1. Supervision

Supervision is an accountable process which supports, assures and develops the knowledge, skills and values of an individual, group or team. The purpose of supervision is to improve the quality of work to achieve agreed objectives and outcomes.

Effective supervision is an integral part of working with adults with care and support needs; it is also an essential element of the performance management framework.

It should support staff in developing and maintaining effective working relationships with adults and their carers and with other professionals, whilst simultaneously exercising professional judgement, effective decision making and carrying out other duties associated with their individual role. It should also tie the overarching strategic objectives of the service with the individual personalised objectives of each member of staff.

It must be educative, supportive, empowering and a benefit to supervisor, supervisee and the service. Supervision must be sensitive to individuals’ ethnic and cultural background, disability, gender and sexual orientation.

In the reflective environment of supervision, and in conjunction with their manager, staff should be able to consider their developmental and learning needs, review identified actions necessary to address such needs and subsequently evidence practice improvement.

Good quality supervision can help to:

  • avoid drift;
  • keep focus on the adult with care and support needs;
  • maintain a degree of objectivity and challenge fixed views;
  • test and assess the evidence base for assessment and decisions;
  • address the emotional impact of work.

The supervision process should incorporate four main functions:

  • management, including performance management;
  • professional development;
  • support;
  • practice reflection.

At the outset of the supervisory relationship expectations of the supervisor and the supervisee should be established and recorded. This includes frequency of meetings, content of supervision sessions, recording of meetings and sign off, and action to be taken if either party becomes dissatisfied with the relationship, or outcomes of the sessions.

Supervision usually takes place on a one to one basis, although can also be part of a group session as well. It is a process rather than a series of single events or sessions and should complement and support the appraisal process by evidencing the continuous improvement and performance of the supervisee.

Issues discussed at each supervision session should be recorded and signed by the manager and counter signed by the staff member, who should also be provided with a copy. This may be done via email as an electronic documentation of the agreement.

2. Performance Development Review

A performance development review (PDR) is a systematic and regular – usually annual – process that assesses an individual member of staff’s performance in relation to pre-established criteria and objectives. It is otherwise known as an appraisal.

It is an important opportunity for a staff member to gain feedback on their performance from their manager, provide a summary of their work and achievements and develop their skills through training. It provides a formal opportunity for managers to provide motivation to a member of staff, even if there have been areas of concern.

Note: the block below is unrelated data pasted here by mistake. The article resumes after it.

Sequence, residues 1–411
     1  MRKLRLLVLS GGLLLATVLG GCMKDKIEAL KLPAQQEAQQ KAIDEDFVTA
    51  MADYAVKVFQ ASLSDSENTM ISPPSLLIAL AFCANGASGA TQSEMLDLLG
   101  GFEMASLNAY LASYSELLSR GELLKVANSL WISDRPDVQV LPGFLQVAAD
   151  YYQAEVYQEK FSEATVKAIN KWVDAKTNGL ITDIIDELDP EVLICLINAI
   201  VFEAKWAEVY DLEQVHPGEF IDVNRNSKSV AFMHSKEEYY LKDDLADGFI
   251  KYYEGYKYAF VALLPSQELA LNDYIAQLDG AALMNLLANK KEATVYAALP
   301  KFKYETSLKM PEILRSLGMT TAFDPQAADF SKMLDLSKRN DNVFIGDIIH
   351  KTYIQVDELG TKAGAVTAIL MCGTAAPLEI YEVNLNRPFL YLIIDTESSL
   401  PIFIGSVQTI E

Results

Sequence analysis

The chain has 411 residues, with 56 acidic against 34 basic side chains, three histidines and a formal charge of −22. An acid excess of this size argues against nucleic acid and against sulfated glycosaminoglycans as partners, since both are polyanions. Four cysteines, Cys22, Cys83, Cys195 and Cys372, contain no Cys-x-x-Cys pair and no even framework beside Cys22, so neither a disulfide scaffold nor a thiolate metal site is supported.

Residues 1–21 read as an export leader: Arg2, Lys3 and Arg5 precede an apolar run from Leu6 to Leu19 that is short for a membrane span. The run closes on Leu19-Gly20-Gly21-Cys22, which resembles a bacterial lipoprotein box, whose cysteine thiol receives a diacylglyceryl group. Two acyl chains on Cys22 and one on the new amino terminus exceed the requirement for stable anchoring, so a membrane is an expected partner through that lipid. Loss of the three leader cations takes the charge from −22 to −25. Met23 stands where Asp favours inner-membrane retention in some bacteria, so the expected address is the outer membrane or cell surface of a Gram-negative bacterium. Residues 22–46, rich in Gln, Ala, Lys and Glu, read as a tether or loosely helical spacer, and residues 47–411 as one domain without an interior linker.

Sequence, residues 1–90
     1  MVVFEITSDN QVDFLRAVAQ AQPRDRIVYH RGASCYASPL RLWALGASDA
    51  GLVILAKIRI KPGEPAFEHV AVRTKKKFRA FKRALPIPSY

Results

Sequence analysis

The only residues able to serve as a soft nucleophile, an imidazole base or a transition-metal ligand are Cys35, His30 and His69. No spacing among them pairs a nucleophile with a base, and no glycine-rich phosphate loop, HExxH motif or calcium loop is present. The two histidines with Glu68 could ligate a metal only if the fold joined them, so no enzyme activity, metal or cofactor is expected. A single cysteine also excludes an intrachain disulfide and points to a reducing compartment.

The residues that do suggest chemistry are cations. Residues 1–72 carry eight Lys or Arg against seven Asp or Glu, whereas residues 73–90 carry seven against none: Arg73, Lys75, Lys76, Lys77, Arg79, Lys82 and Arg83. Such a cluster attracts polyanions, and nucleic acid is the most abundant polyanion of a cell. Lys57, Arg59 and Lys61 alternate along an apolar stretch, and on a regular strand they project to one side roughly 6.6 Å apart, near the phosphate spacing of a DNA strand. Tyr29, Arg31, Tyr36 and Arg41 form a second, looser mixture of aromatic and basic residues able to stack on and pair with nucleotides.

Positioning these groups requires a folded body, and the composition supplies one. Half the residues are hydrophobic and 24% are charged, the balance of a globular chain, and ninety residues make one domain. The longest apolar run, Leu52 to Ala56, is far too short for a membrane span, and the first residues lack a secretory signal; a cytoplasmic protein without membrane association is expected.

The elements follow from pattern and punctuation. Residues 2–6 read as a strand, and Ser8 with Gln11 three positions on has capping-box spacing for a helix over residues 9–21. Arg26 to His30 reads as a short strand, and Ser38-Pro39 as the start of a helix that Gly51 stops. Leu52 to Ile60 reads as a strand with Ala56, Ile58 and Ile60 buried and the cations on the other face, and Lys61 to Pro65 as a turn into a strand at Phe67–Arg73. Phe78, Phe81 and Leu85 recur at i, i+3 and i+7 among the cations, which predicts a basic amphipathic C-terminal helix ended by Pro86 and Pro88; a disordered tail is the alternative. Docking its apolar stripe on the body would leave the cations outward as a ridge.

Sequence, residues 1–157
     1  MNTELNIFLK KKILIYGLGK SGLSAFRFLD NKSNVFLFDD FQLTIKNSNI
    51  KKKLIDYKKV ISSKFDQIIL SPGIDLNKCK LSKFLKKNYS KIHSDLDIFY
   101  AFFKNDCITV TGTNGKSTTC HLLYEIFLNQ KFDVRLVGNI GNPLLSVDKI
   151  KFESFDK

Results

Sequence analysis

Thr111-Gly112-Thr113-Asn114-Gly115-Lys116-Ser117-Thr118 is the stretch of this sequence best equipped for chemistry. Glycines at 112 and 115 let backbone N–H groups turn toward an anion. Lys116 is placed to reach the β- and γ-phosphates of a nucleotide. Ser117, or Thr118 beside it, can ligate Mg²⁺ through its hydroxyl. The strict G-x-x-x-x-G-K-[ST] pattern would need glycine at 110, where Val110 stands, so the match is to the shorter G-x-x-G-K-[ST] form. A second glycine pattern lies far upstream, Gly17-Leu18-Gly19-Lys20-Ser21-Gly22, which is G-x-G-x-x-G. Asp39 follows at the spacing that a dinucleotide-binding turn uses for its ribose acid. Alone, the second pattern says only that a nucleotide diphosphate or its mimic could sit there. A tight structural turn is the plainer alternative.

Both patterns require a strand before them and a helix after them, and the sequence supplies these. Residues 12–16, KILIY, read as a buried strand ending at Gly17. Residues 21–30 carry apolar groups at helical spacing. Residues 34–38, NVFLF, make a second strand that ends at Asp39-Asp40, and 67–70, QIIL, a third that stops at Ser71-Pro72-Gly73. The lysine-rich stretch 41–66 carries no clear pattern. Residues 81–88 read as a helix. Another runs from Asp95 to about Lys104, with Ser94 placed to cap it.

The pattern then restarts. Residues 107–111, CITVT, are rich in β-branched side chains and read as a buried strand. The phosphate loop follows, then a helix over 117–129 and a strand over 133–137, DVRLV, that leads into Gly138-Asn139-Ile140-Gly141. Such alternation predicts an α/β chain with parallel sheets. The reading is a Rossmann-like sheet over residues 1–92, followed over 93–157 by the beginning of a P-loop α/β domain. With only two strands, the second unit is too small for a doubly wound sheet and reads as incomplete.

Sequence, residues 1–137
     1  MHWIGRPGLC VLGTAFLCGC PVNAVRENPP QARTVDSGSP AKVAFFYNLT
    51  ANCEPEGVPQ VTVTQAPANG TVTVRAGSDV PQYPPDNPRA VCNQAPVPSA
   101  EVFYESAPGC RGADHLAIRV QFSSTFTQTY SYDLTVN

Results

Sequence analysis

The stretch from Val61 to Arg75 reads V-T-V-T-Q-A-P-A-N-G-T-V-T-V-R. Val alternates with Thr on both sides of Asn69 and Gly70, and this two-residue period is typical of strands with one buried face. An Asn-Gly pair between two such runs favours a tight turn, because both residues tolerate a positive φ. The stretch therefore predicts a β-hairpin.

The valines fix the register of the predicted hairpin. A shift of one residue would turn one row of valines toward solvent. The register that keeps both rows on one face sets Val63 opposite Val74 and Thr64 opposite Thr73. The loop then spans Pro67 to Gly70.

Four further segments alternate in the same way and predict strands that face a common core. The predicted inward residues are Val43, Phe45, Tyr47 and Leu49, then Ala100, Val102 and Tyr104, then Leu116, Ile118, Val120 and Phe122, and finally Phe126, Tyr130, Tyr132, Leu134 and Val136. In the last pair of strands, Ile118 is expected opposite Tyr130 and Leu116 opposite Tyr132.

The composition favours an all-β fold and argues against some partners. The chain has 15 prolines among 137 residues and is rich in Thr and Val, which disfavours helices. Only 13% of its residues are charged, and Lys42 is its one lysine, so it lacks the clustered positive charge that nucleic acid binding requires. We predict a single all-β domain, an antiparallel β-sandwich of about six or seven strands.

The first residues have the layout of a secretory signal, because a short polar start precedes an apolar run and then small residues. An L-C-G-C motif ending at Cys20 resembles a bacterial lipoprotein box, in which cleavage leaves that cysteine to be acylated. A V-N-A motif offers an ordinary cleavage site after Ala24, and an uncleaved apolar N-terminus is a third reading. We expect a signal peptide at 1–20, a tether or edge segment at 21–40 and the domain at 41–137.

The objectives for the PDR should be agreed by both the manager and member of staff either once the staff member has been confirmed in post (in the case of a new employee) or at the last PDR (for staff in continuing employment). The objectives should be a mix of specific areas of interest for the individual staff member, those related to the post / team, and those which reflect the directorate’s vision and direction.

Other aspects of the staff member’s performance should also be considered, such as team working, strengths and weaknesses, overall behaviour, and potential future achievements.

Preparation is key to a successful and productive PDR meeting. The manager and staff member should each complete appraisal and work planning documents prior to commencement of the session. It is crucial that all issues are supported with evidence from work completed throughout the year; this may be from a variety of sources including supervision records. Issues that have been raised in supervision since the last review – either as good practice or areas where improvement is required – should be discussed.

Following a review of the achievements (or otherwise) from the previously agreed objectives, new or revised objectives should be agreed within defined timescales. This will include identified training needs, either as a result of new areas of interest expressed by the staff member for development that complements their current post, or as a result of acknowledged issues which require improvement.

If the manager and member of staff fail to agree on achievements of the previous set of objectives, or training needs or setting of future objectives, these should be recorded with supporting evidence. The local performance development review policy and procedure should contain a course of action for responding to such disagreements.

The PDR discussion and the agreed future objectives should be recorded and signed by the manager and counter signed by the staff member, who should also be provided with a copy. This may be done via email as an electronic documentation of the agreement.